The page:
Singapore was our destination for a delightful respite from Sydney’s chilly winter as; constantly warm, mostly sunny with the odd dramatic thunderstorm and accompanying bolt lightning for show. Most impressive for us is Singapore’s wheelchair friendly!
Changi, as an airport, is sheer delight. It is efficient, vast, devoid of any bustle or stress. I commented to Emily, as we passed through, that “I could live in Changi.” The arrival lounges are serene, the travelators silently whisk hordes of humanity towards their destinations with music, orchids and pumped scent, restrooms are practically sterile as brutally clean. I really feel I could drift around the concourse for an hour or two before being asked to leave by security and pushed into a waiting taxi!
As you arrive into the Marina Bay area the architecture attracts attention; the Marina Bay Sands Hotel (pictured below) with its surf board structure atop its glassy columns, the high-rise offices and residential towers, each visage distinct and edgy. The Fullerton Hotel cements everything in place around the bay, this building was the old post office. It dwarfs the more contemporary Fullerton Bay Hotel. The smaller hotel still packs a punch with its irregular cube design, cool interiors for afternoon tea and inviting roof top cocktail bar with panoramic views. All accessible.
A gentle stroll around the Marina reveals a multitude of spectacular engineering feats. My particular favourites are the Helix Bridge (pictured above) replicating a strand of DNA, it compliments the Science Museum (seen below) shaped as an overly large, solid, white lotus flower. Many of the building have slatted or open features that allow another intriguing view through and beyond. I love that attention to detail allowing the pedestrian to see buildings with the unique perspective from the ground up to the sky or through to the water. All can be enjoyed from a wheelchair or from a quirky recliner on the Olympic Walk.
The MRT is rather like Changi, so enticingly clean, efficient and wheelchair friendly that I wish everywhere could replicate its accessibility. Emily and I choose our destination; Bugis, Botanical Gardens, Bayfront, Raffles, Orchard Road, Chinatown as guaranteed access, the Singapore MRT is a credit to mass transport, it works on every level. Buses are more challenging but as the MRT is so brilliant and easy Emily and I have left the Singapore Bus Service (SBS) to run without us.
Modern Singapore is wheel-ie accessible but older buildings and more traditional communities like Little India are Singapore’s Achilles. We ventured to Haji Lane (pictured below) near Bugis, all was straight forward if you ignore the annoyingly placed large green bins that block the sidewalk. Emily artfully maneuvered herself past several obstacles and over the curb cuts that can be too acute and racy. We were finally rewarded with this little bijou lane of boutiques, restaurants and cafes. Emily could roll along in the centre of this small pedestrian way but was hindered from entering any shop fronts by a robustly square cement storm step running the entire length of the street. She could only peer into the distant boutique frontages. We had a cup of tea in a quaint cafe, I sat at the table with a cream bottle full of flowers sipping English Breakfast tea while Emily had her beverage parked in the gutter! We had a delightful day of excitement and adventure and we take all the challenges that wheelchair users face as the spice of life.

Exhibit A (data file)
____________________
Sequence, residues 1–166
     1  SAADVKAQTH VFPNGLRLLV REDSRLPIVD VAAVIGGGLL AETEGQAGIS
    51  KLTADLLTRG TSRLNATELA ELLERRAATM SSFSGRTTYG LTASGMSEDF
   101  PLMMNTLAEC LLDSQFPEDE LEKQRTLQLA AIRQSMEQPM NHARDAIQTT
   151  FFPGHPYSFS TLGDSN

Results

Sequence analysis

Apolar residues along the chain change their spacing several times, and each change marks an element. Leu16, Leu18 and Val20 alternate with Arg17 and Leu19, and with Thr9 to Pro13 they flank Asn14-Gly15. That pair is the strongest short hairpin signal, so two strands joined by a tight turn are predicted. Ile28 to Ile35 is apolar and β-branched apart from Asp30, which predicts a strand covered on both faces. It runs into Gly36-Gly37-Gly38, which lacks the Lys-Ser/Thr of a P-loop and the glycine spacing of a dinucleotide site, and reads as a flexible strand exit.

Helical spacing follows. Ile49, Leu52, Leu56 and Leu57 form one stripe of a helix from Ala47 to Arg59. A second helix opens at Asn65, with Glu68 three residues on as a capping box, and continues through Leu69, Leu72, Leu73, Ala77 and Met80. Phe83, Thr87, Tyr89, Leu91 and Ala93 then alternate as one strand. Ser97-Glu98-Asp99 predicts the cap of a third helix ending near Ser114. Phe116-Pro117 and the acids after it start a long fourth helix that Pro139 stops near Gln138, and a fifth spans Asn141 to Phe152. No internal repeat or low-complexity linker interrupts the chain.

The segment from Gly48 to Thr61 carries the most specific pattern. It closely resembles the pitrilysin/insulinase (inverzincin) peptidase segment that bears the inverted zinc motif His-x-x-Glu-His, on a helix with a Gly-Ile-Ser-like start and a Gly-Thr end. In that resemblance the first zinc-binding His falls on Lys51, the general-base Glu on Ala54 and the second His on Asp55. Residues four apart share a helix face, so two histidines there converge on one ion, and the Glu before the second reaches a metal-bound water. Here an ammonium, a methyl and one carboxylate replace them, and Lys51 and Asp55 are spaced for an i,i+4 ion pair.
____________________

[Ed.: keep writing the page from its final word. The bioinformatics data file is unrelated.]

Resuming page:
Singaporeans get excited about food, something we share. Restaurants and cafes offer diverse choices, all delicious even if I can’t pronounce anything correctly. The Lau Pa Sat Food Market ( pictured below) temps us with its rustic hexagonal roof and chiming clock tower but it keeps our custom due to the tasty dishes, vast choice and cold beer. We are spoilt for choice in Singapore; from expensive to economic from street cafes to roof top venues, there is ethnic diversity with traditional cultural favourites which adds up to hard decisions; where to go and what to eat?
Orchard Road is a given visit although I lost Emily in the maze of shopping malls so beware as we had a “Where’s Emily” at every turn as she was enticed into another shop-front or boutique! Can you spot her in the photo below? She’s there!
Singapore is a small island with a population of just over 5 million, 2 million foreign-born. It’s a major commercial hub, it hosts a busy port and an enormous financial centre but visitors don’t come for those reasons. Singapore displays diversity and multiculturalism combined with sophistication and did I mention it’s constantly warm! There is a wealth of events, exhibitions, shows and activities, something for all tastes. Whatever your reason for visiting, Singapore will not disappoint.